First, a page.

Talbots (NYSE:TLB) is finally getting rid of what has long been an albatross -- the J. Jill unit it bought several years ago. It's selling most of J. Jill to private-equity firm Golden Gate Capital, which has snapped up retail concepts such as Limited's (NYSE:LTD) former unit Express.

There's not much to write home about for Talbots' shareholders. Golden Gate Capital is paying $75 million for a business for which Talbots originally paid $517 million in 2006, which at the time sounded rich. (Urban Outfitters' (NASDAQ:URBN) shareholders should be breathing a sigh of relief after that company's rumored 2006 buyout of J. Jill never came to pass.) Over the years, it became clear that all this deal really accomplished was to overload Talbots with debt, as it struggled to turn around both its core business and J. Jill.

Unless something has changed in the meantime, the proceeds of the J. Jill sale will go to Talbots' majority stakeholder, Aeon, which has been helping Talbots out of its troubles by extending more and more credit. In an 8-K filing with the Securities and Exchange Commission in February related to an Aeon loan, Talbots disclosed that all proceeds of J. Jill would be handed to Aeon.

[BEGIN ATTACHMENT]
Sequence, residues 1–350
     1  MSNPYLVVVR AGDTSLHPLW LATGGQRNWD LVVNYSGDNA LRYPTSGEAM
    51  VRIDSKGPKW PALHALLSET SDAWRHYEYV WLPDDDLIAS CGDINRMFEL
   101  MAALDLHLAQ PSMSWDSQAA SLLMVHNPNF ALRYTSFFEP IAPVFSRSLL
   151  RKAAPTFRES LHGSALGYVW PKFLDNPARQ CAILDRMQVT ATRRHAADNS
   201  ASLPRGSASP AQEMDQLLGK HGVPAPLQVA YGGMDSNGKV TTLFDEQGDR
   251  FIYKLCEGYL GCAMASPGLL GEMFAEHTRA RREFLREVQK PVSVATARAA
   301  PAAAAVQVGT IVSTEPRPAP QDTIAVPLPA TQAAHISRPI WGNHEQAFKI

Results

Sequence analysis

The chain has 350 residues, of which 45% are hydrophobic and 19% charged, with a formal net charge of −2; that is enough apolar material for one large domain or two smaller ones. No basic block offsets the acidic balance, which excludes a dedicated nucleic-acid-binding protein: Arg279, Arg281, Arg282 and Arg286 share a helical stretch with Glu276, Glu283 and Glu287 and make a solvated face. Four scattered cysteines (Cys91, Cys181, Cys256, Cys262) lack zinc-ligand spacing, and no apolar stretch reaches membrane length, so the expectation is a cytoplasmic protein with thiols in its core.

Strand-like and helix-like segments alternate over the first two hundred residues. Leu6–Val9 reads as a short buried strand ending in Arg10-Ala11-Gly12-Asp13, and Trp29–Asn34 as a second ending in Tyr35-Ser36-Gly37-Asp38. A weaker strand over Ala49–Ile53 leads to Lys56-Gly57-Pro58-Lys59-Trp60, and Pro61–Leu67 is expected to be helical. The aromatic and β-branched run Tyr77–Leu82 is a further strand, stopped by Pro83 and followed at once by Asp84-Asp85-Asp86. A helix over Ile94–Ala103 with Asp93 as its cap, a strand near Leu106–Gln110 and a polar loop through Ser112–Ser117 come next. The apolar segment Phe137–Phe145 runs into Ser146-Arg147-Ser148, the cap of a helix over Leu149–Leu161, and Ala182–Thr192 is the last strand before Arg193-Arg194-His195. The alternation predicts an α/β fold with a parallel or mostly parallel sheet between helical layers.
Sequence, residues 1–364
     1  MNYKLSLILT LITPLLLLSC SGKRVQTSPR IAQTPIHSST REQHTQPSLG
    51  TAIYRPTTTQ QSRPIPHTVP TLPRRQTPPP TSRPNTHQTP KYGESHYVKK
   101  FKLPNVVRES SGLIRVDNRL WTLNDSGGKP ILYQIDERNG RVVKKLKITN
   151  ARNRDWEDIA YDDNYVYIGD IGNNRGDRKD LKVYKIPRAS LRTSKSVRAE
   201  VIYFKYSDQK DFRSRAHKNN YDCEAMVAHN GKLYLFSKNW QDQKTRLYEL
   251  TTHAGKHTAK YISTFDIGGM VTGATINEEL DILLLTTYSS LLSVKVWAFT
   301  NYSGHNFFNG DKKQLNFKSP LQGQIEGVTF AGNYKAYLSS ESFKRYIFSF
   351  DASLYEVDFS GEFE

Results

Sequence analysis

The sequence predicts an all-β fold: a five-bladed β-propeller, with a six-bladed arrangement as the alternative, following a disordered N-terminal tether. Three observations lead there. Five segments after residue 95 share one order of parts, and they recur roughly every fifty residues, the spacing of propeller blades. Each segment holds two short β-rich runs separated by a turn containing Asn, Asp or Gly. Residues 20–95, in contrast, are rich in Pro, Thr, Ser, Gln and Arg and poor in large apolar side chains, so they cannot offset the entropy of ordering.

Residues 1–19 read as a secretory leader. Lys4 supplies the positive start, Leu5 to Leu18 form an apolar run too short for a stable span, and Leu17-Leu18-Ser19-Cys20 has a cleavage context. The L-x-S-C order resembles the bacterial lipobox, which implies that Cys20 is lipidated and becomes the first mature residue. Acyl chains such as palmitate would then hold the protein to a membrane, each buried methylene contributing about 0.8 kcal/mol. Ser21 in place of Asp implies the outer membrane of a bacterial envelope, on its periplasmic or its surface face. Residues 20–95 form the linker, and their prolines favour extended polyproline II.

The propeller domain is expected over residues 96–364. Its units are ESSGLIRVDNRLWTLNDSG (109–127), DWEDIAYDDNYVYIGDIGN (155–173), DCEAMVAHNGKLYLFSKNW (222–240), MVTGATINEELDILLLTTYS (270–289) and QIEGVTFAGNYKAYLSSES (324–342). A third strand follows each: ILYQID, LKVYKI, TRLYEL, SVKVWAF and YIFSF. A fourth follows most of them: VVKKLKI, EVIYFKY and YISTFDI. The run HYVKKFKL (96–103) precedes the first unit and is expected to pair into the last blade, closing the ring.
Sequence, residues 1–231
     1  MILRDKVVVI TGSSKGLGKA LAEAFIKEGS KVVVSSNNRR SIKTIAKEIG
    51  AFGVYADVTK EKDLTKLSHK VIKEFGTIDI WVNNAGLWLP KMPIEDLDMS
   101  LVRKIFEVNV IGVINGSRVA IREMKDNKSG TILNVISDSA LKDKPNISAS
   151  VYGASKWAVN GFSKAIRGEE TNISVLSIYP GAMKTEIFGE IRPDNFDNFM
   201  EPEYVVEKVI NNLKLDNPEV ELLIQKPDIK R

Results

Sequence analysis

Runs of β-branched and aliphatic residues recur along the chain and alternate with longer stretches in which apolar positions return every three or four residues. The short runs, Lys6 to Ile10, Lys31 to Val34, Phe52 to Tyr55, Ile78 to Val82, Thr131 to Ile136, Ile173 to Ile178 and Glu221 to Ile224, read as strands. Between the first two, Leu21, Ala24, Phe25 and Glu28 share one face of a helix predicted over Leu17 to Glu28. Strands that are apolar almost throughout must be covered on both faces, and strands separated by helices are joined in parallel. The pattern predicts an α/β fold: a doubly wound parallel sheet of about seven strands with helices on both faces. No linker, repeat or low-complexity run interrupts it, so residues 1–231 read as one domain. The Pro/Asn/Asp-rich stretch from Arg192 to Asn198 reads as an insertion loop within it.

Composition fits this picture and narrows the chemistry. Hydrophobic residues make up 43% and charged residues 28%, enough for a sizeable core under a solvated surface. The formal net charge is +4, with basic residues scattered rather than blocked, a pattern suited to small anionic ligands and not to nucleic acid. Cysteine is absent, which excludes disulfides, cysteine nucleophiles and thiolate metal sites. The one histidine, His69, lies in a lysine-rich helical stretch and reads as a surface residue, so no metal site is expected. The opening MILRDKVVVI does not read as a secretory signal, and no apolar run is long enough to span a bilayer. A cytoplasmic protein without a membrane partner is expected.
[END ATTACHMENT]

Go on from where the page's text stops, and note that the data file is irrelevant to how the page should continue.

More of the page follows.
Therefore, the sale is a wash for Talbots, although Talbots' shareholders can at least look forward to the idea that management will no longer be distracted by J. Jill's troubles. As I said in November, though, the main takeaway might be thanks for nothing, J. Jill.

As much as investors tend to get excited about mergers and acquisitions, many times these don't go as well as invariably optimistic managements predict. There are plenty of examples. Whole Foods Market's (NASDAQ:WFMI) acquisition of Wild Oats seemed like a good idea at the time but ended up providing a heck of a lot of distraction and debt, another example of a "thanks for nothing" situation. Time Warner's (NYSE:TWX) recent announcement that it would spin off AOL strikes me as another anticlimactic end to what was once perceived as a great corporate hookup. eBay's (NASDAQ:EBAY) acquisition of Skype sounded exciting, but later turned out to be fairly pointless, too.

Way back in 2005, when J. Jill was still a stand-alone company, I considered it a rotten trick, not a treat. Talbots thought otherwise and paid -- and overpaid -- the price. Given the rotten economy and Talbots' long-standing issues turning around its business, I hope its investors  don't forget that this retailer still has its work cut out, regardless of this new development.

For further Foolishness:

eBay and Whole Foods Market are Motley Fool Stock Advisor picks. eBay is also an Inside Value recommendation. Try any of our Foolish newsletters today, free for 30 days.

Alyce Lomax owns shares of Whole Foods Market and Urban Outfitters. The Fool has a disclosure policy.